Ravens halt Vick, Falcons QB breaks leg

<p>ATLANTA - In a textbook display of defense punctuated by aggressive pursuit, the Baltimore Ravens did more than harass quarterback Michael Vick. They may have halted the Atlanta Falcons superstar for quite a while. Vick suffered a broken right fibula in the first quarter of the Ravens' 13-10 victory Saturday night as his foot appeared to stick in the artificial turf on defensive end Adalius Thomas' tackle.&nbsp;</p>

As Vick was carted off the field in obvious pain, his season derailed, the Georgia Dome became as quiet as a tomb despite the presence of 68,327. It's unclear exactly how long the multi-dimensional athlete will be out based upon the initial diagnosis although estimates varied between six weeks to a few months. "This hurts our league and the Falcons, and I feel for him," said Ravens linebacker Ray Lewis, whose season was abbreviated last year because of a shoulder injury "He's my friend and he'll be back. God doesn't do anything without a reason. "I went through an injury last year, and it's tough to not help your team. I'll call him and give him some encouragement." 

Even before the Pro Bowl passer got caught underneath Thomas, the Ravens' defense had already flexed its muscles. Defensive end Marques Douglas sacked Vick on the first play from scrimmage of the football game. On the ensuing play, Thomas batted Vick's pass into the waiting arms of cornerback Chris McAlister for an interception. By the Falcons' third offensive series, Vick dashed out of the shotgun and burst through the middle of the defense. Thomas rapidly gained ground, though, and Vick crumpled underneath him. "I am terribly disappointed," Vick said. All four of Vick's passes were incomplete. He compiled an unseemly quarterback rating of zero one week after achieving the highest possible rating in the NFL's complicated formula with a 158.3 against Green Bay. "It's a tough break for us," said Falcons coach Dan Reeves, who estimated Vick will be out only six weeks and not require surgery. 

This isn't the first time the Ravens (1-1) have shut down Vick. In last season's 20-17 loss, the Ravens limited Vick to minus-5 rushing yards, a mere 136 yards passing and forced him into his first interception of the season. The Ravens limited the Falcons to one first down in the first quarter, three for the first half, which was played to a 3-3 tie as Baltimore's Matt Stover and Jay Feely exchanged field goals. "We did some real good things in the first half," said defensive coordinator Mike Nolan, whose unit was without outside linebackers Cornell Brown and Terrell Suggs. "We played with good speed and tempo."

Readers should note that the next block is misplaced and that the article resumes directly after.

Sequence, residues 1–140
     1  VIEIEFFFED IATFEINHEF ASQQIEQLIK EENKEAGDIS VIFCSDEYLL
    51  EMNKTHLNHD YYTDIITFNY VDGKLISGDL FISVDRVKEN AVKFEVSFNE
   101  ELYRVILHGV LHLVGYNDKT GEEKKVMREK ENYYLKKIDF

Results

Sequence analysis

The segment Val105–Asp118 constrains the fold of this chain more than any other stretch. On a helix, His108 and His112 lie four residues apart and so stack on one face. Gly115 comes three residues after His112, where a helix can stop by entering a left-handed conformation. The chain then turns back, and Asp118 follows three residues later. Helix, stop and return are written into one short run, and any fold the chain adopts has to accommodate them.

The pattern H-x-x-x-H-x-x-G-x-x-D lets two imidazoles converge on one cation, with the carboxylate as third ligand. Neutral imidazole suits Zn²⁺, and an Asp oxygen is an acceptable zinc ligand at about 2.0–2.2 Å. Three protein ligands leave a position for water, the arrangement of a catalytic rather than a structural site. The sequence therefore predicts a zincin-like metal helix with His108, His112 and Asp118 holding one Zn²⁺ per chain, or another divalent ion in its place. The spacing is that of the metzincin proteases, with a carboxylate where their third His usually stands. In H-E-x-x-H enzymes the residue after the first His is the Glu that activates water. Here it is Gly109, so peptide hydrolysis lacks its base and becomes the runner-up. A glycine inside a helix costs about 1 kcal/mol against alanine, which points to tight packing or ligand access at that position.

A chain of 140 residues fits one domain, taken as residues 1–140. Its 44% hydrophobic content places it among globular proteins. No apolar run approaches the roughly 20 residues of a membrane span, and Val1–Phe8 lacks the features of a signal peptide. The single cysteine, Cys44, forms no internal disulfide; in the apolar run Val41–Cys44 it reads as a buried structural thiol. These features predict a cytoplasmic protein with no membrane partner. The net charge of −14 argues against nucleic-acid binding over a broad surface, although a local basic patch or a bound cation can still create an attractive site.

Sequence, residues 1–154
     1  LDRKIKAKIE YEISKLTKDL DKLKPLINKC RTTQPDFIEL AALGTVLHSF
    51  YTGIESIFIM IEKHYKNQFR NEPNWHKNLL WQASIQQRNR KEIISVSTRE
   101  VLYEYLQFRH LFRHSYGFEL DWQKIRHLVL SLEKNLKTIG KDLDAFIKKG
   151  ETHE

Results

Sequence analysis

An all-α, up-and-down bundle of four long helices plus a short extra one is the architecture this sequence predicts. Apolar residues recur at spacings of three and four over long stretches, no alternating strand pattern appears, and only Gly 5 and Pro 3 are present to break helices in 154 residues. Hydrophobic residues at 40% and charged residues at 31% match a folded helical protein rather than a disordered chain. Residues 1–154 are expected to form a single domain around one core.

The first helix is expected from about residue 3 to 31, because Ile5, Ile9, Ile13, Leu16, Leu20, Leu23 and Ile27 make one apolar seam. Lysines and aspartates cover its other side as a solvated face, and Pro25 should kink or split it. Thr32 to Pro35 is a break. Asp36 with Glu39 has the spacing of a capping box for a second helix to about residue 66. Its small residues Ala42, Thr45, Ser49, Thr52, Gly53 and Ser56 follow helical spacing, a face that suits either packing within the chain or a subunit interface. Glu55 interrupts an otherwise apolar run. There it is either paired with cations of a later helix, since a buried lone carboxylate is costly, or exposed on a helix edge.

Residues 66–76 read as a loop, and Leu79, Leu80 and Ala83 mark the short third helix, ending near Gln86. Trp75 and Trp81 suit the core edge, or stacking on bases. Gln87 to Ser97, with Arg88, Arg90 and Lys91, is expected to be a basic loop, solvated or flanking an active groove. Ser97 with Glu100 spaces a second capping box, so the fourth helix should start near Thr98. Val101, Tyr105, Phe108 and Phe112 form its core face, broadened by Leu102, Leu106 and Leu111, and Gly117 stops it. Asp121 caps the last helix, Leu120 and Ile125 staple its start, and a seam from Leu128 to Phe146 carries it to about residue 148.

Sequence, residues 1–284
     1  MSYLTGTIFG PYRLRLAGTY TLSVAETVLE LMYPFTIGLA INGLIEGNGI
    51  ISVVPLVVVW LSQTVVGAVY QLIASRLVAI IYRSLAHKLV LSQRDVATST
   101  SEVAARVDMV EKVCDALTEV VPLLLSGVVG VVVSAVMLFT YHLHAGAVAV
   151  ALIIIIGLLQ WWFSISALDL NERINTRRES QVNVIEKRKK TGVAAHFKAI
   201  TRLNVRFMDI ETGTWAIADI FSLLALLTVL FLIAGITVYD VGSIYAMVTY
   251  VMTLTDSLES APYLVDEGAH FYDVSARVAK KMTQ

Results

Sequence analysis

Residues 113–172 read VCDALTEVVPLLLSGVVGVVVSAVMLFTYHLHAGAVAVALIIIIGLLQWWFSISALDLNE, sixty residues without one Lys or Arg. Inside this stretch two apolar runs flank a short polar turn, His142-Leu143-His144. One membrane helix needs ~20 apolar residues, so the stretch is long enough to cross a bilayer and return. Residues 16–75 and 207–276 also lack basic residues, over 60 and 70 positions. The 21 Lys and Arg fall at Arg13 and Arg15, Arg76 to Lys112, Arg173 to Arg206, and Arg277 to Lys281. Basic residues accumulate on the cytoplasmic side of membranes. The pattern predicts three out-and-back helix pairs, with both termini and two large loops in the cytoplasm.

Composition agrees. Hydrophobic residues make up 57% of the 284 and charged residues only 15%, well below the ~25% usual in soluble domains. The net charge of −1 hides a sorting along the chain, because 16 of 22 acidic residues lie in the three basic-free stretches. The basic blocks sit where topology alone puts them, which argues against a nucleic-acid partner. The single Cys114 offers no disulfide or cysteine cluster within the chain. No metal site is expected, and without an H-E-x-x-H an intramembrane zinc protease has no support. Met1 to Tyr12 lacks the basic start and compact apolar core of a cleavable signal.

While the defense excelled, the Ravens continued to conduct their quarterback competition. Incumbent Chris Redman had another solid outing as he completed four of his seven passes for 42 yards. For the second week in a row, receiver Marcus Robinson dropped a Redman pass with Baltimore threatening. The Ravens were forced to settle for a field goal. Overall, though, Redman demonstrated poise and sound decision-making. Meanwhile, rookie quarterback Kyle Boller engineered a touchdown drive in the second half capped by a 1-yard touchdown pass to tight end Terry Jones. Through the third quarter, Boller completed 9 of his 18 attempts for 132 yards. He was 5-of-8 in the third quarter for 99 yards after a shaky second quarter that included an interception tossed to Falcons cornerback Ray Buchanan. Boller also led Baltimore downfield to set up a 30-yard Stover field goal for the deciding margin. A 67-yard fumble return for a touchdown by the Falcons' Bryan Scott after Ravens running back Dameon Hunter was stripped of the football almost brought Atlanta all the way back. After a successful onsides kick, Baltimore managed to stop the Falcons again on safety Will Demps' interception. "I am continuing to learn," Boller said. "I felt more comfortable this time out. I was able to come back in the third quarter after the interception. "You can't make mistakes deep in other teams' territory. I can't let that mistake slow me down. You have to keep being aggressive." 

Aaron Wilson writes for the Carroll County Times.

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